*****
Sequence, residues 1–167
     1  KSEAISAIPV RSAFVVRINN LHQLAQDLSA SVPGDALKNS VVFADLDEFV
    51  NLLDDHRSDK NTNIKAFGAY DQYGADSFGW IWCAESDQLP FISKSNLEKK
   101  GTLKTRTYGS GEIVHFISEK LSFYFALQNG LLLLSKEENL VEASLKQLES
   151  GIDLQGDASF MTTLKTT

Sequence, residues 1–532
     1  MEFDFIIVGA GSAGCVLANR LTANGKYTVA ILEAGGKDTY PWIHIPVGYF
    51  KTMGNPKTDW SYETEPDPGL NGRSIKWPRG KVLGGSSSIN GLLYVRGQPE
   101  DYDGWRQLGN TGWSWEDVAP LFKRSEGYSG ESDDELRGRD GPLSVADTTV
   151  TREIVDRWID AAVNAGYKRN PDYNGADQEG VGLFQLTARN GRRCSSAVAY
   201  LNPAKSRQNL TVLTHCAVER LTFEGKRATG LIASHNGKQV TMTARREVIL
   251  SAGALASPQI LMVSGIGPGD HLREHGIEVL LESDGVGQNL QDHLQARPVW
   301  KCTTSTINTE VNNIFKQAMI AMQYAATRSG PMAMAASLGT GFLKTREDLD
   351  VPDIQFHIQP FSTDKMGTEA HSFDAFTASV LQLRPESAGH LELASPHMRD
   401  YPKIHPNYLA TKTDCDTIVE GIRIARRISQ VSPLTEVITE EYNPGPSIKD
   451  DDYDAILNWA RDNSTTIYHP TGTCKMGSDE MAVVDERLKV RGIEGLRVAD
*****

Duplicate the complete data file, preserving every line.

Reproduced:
Sequence, residues 1–167
     1  KSEAISAIPV RSAFVVRINN LHQLAQDLSA SVPGDALKNS VVFADLDEFV
    51  NLLDDHRSDK NTNIKAFGAY DQYGADSFGW IWCAESDQLP FISKSNLEKK
   101  GTLKTRTYGS GEIVHFISEK LSFYFALQNG LLLLSKEENL VEASLKQLES
   151  GIDLQGDASF MTTLKTT

Sequence, residues 1–532
     1  MEFDFIIVGA GSAGCVLANR LTANGKYTVA ILEAGGKDTY PWIHIPVGYF
    51  KTMGNPKTDW SYETEPDPGL NGRSIKWPRG KVLGGSSSIN GLLYVRGQPE
   101  DYDGWRQLGN TGWSWEDVAP LFKRSEGYSG ESDDELRGRD GPLSVADTTV
   151  TREIVDRWID AAVNAGYKRN PDYNGADQEG VGLFQLTARN GRRCSSAVAY
   201  LNPAKSRQNL TVLTHCAVER LTFEGKRATG LIASHNGKQV TMTARREVIL
   251  SAGALASPQI LMVSGIGPGD HLREHGIEVL LESDGVGQNL QDHLQARPVW
   301  KCTTSTINTE VNNIFKQAMI AMQYAATRSG PMAMAASLGT GFLKTREDLD
   351  VPDIQFHIQP FSTDKMGTEA HSFDAFTASV LQLRPESAGH LELASPHMRD
   401  YPKIHPNYLA TKTDCDTIVE GIRIARRISQ VSPLTEVITE EYNPGPSIKD
   451  DDYDAILNWA RDNSTTIYHP TGTCKMGSDE MAVVDERLKV RGIEGLRVAD